One of Our Books of the Year 2017 | Shortlisted for the Desmond Elliott Prize 2017. This is such a gorgeously expressive novel, it just sings with intensity, and is impossible to put down. Nine year old Leon loves his little brother Jake and his mum, he looks after them both as best he can, when Leon and Jake have to go and live with Maureen, Leon hatches a plan. Kit de Waal writes with a beautiful, sincere energy, the simplicity of the tale told from Leon's point of view allows a complicated backdrop of emotions to shine through. At times my heart absolutely ached, yet there are also proper laughter blurting moments, and I just wanted to gather everybody up into a huge, squashy hug. The 80’s, with it’s curly wurlys, royal celebrations, and riots is the perfect setting. A gloriously motley collection of characters come to life, each and every one of them is indispensable, and each affected me in some way. ‘My Name is Leon’ is a stunning, eloquent, stinging paper-cut of a read, I fell in love with it, and in turn, it left me full of hope. Shortlisted for the Costa First Novel Award 2016 Head to our 'Black Lit Matters' list to find more must-read novels by black writers.
It's an exciting day for Timothy Flowers. It's the third of November, and it's Friday, and it's his twenty-first birthday. When Timothy walks to his usual street corner to see his favourite special bus, he meets Charlie. Charlie is a builder who is desperate for Timothy's help because Timothy is very tall, six feet six inches. Timothy has never had a job before - or no work that he's kept for more than a day. But when Timothy and Charlie have to collect money from a local thug, things don't exactly go according to plan... Over the course of one day, Timothy's life will change for ever.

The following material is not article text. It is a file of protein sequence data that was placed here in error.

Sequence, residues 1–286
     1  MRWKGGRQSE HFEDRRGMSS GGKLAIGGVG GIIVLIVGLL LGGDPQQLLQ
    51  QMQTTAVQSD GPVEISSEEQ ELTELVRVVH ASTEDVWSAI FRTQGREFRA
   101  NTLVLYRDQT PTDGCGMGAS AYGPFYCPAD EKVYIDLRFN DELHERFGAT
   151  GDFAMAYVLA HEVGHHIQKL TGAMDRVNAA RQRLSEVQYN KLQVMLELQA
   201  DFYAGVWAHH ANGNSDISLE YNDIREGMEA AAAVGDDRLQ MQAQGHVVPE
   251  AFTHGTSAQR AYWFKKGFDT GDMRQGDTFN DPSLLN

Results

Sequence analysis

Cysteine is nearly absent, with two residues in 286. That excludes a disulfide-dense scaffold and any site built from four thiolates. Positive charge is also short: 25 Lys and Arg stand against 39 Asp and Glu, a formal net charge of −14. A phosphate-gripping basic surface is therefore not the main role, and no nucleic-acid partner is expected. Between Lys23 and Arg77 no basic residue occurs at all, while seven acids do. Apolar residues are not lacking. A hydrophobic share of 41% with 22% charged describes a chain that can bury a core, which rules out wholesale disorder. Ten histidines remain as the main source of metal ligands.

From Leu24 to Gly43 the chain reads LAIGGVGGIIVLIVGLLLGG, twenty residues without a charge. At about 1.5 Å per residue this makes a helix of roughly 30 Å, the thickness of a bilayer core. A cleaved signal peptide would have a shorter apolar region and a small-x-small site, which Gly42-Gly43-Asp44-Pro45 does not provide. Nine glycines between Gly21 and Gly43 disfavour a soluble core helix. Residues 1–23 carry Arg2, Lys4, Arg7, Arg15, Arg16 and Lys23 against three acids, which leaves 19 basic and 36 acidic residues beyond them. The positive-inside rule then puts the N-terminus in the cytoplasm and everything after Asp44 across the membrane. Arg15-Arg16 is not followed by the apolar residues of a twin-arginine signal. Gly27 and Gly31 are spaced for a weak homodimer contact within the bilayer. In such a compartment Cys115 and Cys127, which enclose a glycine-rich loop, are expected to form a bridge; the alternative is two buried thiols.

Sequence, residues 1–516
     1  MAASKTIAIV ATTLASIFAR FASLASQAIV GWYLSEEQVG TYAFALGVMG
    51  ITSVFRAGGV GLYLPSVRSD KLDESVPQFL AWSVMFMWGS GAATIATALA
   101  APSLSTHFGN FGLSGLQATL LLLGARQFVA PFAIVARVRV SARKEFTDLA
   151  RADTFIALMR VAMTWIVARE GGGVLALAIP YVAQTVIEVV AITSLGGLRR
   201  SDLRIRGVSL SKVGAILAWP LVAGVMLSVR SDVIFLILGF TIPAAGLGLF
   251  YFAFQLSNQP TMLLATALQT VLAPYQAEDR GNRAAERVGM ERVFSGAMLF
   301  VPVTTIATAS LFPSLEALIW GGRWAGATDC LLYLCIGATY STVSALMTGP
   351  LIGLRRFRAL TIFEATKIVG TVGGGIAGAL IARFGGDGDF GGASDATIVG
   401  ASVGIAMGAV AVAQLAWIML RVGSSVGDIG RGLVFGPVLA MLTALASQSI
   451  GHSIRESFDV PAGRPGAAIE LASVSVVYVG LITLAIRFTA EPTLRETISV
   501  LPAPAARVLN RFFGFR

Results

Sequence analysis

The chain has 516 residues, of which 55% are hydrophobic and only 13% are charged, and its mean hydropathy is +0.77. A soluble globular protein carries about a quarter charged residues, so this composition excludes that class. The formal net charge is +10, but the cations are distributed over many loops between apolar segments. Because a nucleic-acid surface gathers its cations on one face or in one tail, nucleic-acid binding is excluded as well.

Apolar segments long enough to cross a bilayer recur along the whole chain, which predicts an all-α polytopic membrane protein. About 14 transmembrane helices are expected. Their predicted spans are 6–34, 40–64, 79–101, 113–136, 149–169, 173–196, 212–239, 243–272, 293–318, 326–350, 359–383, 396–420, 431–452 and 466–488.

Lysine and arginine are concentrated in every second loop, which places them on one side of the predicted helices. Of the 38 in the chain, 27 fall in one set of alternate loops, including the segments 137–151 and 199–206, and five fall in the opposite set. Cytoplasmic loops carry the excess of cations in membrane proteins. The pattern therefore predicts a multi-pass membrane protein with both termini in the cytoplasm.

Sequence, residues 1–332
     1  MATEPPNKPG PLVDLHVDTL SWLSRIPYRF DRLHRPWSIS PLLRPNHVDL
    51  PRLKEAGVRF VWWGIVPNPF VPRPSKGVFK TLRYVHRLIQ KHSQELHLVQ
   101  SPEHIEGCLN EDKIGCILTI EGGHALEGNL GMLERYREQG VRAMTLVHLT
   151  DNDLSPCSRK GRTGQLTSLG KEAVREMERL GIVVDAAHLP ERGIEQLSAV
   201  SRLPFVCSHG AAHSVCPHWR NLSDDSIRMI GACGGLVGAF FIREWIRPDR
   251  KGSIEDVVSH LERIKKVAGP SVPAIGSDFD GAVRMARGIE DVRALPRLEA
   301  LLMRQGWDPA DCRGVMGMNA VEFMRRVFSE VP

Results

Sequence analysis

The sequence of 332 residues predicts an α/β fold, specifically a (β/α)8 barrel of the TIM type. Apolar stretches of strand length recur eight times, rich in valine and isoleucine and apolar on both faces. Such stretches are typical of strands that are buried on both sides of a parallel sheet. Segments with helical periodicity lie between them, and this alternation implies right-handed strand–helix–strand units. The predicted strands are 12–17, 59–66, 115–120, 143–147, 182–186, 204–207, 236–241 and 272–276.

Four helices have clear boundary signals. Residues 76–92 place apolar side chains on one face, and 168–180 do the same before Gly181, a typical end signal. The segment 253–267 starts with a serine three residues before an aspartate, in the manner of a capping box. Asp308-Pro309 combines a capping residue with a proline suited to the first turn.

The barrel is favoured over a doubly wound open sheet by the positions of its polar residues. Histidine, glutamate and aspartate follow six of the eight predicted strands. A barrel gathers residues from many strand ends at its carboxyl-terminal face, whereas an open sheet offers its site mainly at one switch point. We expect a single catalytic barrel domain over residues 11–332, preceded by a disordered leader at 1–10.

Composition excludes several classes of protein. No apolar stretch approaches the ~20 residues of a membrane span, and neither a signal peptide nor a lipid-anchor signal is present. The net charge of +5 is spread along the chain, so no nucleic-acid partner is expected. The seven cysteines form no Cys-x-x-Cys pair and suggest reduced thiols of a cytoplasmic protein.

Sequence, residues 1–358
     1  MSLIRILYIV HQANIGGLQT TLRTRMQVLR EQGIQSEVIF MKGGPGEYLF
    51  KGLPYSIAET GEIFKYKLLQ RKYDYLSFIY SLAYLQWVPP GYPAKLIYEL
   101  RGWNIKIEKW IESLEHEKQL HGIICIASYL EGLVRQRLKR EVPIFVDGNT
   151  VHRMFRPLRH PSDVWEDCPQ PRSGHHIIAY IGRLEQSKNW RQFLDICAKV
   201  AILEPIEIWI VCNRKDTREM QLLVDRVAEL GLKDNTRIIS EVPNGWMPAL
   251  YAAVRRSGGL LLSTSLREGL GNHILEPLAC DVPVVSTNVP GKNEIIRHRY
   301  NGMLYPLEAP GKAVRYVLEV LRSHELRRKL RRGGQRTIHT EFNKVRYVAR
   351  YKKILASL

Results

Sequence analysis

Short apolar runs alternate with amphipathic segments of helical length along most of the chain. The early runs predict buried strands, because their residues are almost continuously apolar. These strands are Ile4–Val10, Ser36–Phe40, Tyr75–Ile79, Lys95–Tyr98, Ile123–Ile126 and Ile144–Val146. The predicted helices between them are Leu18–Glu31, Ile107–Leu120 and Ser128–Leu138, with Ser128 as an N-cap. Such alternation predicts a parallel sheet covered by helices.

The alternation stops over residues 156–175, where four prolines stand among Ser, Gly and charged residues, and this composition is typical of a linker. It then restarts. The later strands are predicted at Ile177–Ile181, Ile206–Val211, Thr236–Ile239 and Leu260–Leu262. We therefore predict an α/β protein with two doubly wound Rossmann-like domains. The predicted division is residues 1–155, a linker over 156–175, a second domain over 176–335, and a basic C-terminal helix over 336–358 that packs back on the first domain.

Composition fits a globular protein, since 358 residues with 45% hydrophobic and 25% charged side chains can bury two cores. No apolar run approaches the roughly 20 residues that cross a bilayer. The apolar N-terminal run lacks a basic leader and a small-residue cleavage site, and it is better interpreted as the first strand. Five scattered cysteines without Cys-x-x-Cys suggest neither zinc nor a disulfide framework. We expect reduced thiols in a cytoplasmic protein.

Leon ist neun und ziemlich dunkelhautig, sein Halbbruder Jake dagegen ganz blond und erst sechs Monate alt. Als ihre Mutter Sandra mal wieder richtig Pech mit einem Kerl hat, bleibt sie einfach im Bett liegen. Und Leon muss sich um Jake kummern, ihn wickeln, etwas zu Essen besorgen. Das fliegt natrlich irgendwann auf, das Sozialamt schaltet sich ein. Es bringt die beiden Jungs erst einmal bei Pflegemutter Maureen unter: bergewichtig, rothaarig, etwas nah am Wasser gebaut - man muss sie schon ein bisschen kennenlernen, um zu merken, was fr ein riesengroes Herz Maureen hat. Bald findet sich auch eine richtige Adoptivfamilie. Allerdings nur fr Jake, denn der ist ja klein und blond. Leon wei nicht mehr ein und aus vor Schmerz. Und er fasst einen Plan. Einen gefhrlichen Plan, in diesem heien Londoner Sommer 1981